How to Sous Vide the Best Swordfish Ever
Three times this summer I grilled fresh swordfish and only once was I really happy with the outcome. The other two times I was quite disappointed with the results. Was it luck the one time? Could it be the fish itself? Or perhaps my cooking technique?
I purchase my fish from one of two reputable fish markets where I know the fishmongers and trust they only sell me quality fish. I know this because there have been times I tried to buy a particular fish and they “gently” steered me away from purchasing it. I suppose I could be naive but I’m a good customer so I’m thinking they are treating me fairly.
My cooking technique is typically the same. I most often grill swordfish on a clean, hot, oiled gas grill set on medium-high for 3 to 6 minutes per side depending on the thickness of the steaks.
I use my finger to press down on the swordfish steak to test for "doneness" and yes, I know this is not the most scientific way to determine when fish is perfectly cooked.
It would be much better to use an instant thermometer to make sure the fish reaches an internal temperature of at least 130°F. The USDA recommends cooking all Fish & Shellfish to reach an internal temperature of 145°F to kill any harmful bacteria but I think that temperature will give you over- cooked, chewy swordfish.
Another way would be to stick a fork in the thickest part of the steak at a 45-degree angles, give a slight twist and pull out some of the meat. You want the meat to be easy to flake and no longer translucent.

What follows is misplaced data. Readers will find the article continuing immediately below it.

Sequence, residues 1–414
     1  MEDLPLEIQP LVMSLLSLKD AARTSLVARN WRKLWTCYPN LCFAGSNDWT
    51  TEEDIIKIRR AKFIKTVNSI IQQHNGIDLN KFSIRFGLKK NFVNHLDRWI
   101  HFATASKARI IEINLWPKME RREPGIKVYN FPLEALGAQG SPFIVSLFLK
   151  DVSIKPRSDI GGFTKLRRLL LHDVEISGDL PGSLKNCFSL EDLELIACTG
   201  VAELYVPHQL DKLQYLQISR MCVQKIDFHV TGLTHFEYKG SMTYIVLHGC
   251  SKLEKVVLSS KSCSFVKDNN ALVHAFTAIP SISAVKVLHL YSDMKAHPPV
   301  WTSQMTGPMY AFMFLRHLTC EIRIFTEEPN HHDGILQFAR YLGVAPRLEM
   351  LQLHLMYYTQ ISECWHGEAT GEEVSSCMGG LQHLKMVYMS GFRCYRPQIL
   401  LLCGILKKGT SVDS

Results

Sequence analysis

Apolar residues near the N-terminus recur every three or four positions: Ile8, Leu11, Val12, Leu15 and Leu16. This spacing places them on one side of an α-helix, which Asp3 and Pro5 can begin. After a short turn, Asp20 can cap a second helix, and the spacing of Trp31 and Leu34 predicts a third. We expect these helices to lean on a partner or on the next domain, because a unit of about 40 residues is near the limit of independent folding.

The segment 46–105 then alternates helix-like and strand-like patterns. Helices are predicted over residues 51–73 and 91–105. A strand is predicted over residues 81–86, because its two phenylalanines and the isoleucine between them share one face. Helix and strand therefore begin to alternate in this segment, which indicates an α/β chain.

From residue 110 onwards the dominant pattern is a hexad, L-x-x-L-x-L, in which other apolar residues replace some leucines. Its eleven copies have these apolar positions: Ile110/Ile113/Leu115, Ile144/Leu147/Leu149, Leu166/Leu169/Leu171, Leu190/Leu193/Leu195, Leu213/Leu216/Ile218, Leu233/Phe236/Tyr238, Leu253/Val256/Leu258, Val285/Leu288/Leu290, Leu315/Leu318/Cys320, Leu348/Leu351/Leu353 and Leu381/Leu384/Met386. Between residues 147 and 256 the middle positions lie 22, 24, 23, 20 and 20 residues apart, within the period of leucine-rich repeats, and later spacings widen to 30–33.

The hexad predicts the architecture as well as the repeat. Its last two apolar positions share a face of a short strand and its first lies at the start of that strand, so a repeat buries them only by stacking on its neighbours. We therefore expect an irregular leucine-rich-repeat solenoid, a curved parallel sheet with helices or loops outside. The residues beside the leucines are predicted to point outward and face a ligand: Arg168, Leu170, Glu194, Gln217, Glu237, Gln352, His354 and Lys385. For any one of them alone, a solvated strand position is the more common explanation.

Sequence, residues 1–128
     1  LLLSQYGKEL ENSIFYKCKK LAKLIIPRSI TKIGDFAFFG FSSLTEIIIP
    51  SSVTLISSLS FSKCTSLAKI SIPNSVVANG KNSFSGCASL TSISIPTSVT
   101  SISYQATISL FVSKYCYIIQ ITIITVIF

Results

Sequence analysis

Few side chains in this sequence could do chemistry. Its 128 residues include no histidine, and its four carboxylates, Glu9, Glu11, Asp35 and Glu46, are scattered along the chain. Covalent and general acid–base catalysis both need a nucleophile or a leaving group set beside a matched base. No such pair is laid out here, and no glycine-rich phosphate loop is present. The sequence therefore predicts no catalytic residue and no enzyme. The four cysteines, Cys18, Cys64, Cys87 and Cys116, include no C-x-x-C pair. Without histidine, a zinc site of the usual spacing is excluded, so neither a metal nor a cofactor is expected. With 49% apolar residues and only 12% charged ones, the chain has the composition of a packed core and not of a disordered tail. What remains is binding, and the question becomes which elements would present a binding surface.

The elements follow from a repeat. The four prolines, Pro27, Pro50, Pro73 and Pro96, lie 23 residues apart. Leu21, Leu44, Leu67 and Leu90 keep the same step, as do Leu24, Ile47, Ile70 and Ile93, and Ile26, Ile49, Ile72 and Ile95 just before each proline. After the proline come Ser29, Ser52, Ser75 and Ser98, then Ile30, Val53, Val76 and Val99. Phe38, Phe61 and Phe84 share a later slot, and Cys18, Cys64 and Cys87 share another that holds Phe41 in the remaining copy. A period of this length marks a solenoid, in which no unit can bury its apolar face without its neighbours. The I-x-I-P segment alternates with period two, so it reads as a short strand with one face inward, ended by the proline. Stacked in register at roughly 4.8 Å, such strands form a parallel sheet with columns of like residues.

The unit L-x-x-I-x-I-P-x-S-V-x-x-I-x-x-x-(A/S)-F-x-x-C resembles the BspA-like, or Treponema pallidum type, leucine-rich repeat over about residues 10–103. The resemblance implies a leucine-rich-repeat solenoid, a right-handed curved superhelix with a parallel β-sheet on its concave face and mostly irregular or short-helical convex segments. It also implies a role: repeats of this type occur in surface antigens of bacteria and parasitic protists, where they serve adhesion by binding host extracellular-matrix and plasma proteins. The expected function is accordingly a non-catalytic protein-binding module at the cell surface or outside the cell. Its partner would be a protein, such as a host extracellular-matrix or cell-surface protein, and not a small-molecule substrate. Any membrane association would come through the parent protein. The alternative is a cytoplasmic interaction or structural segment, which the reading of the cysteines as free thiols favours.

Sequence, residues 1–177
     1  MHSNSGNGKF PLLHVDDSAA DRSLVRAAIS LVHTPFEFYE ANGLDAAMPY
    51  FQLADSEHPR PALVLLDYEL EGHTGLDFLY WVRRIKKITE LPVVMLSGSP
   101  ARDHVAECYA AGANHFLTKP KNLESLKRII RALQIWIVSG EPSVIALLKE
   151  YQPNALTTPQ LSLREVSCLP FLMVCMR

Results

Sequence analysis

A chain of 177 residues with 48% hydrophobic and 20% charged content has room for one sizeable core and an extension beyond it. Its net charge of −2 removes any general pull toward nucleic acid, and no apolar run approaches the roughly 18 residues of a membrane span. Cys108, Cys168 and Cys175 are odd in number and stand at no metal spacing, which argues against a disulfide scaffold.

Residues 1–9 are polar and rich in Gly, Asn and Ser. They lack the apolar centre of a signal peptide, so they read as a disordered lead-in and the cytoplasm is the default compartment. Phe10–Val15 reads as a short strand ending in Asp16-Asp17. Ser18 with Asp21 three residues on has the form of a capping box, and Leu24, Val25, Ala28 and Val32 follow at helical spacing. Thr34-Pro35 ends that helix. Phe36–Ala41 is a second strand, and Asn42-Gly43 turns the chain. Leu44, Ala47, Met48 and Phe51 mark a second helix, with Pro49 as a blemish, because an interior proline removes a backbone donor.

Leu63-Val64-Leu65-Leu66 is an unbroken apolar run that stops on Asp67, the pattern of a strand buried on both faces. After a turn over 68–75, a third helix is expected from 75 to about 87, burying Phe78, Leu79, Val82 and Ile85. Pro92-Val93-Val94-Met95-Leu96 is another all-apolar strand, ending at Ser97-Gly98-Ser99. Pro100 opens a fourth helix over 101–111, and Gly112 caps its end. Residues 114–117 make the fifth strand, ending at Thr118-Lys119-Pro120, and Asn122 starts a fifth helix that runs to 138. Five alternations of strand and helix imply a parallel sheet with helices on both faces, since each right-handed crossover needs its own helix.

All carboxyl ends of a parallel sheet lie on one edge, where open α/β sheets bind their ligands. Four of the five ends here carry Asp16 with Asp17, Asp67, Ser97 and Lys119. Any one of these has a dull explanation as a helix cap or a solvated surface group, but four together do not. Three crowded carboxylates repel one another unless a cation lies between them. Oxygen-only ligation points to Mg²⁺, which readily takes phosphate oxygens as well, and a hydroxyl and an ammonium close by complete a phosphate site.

So What’s The Problem?
I am very careful when grilling swordfish and use the techniques above but only 1 out of the 3 attempts this summer turned out OK. It wasn’t like the fish was inedible, my wife and daughters thought it was good but to me it was not great.
It wasn’t dried out from overcooking, nor was it undercooked which to me is worse than overcooking. The texture was just a little “mushy”, not firm as I expect swordfish to be. The flavor was good but when the texture of fish isn’t perfect, it ruins the experience in my opinion.
Sous Vide To The Rescue
I decided I would try cooking some pieces of swordfish sous vide and finish on the grill to see if my results were any different. And they were. The sous vide swordfish steaks were the best of the summer with perfect texture and no worries about being over- cooked or under-cooked. They were just right.
I used some fresh basil and oregano from our garden to season the steaks during their bath, but fresh mint or rosemary leaves would be great too. Next time I’ll add a little minced garlic and some fresh lemon zest and see how it turns out.
Let me know your favorite herb and spice combinations in the Comments section below.
My Best Sous Vide Swordfish
- 2 swordfish steaks
- olive oil
- 4 leaves fresh basil
- twig fresh oregano
- salt & pepper to taste
- Set up your sous vide equipment to get the water to the desired temperature.
- For sous vide swordfish, I’ve seen temperature recommendations ranging from 120°F to 145°F. I went with 130°F knowing I was going to follow up with a couple of minutes on a hot grill.
- Season your swordfish with salt and pepper and place into a vacuum seal bag if you have a vacuum sealer or large zip lock bag if you don’t. We have a vacuum sealer and have lots of uses for it in our kitchen but zip lock bags work well too.
- Drizzle in some olive oil into the bag and then drop in the twigs of fresh oregano and basil
Vacuum and Seal the Bag
- If you have a vacuum sealer, use it to remove the air and seal the bag. If you don’t have a vacuum sealer and are using zip lock bags, use your mouth or water bath method to remove the air. (See video below)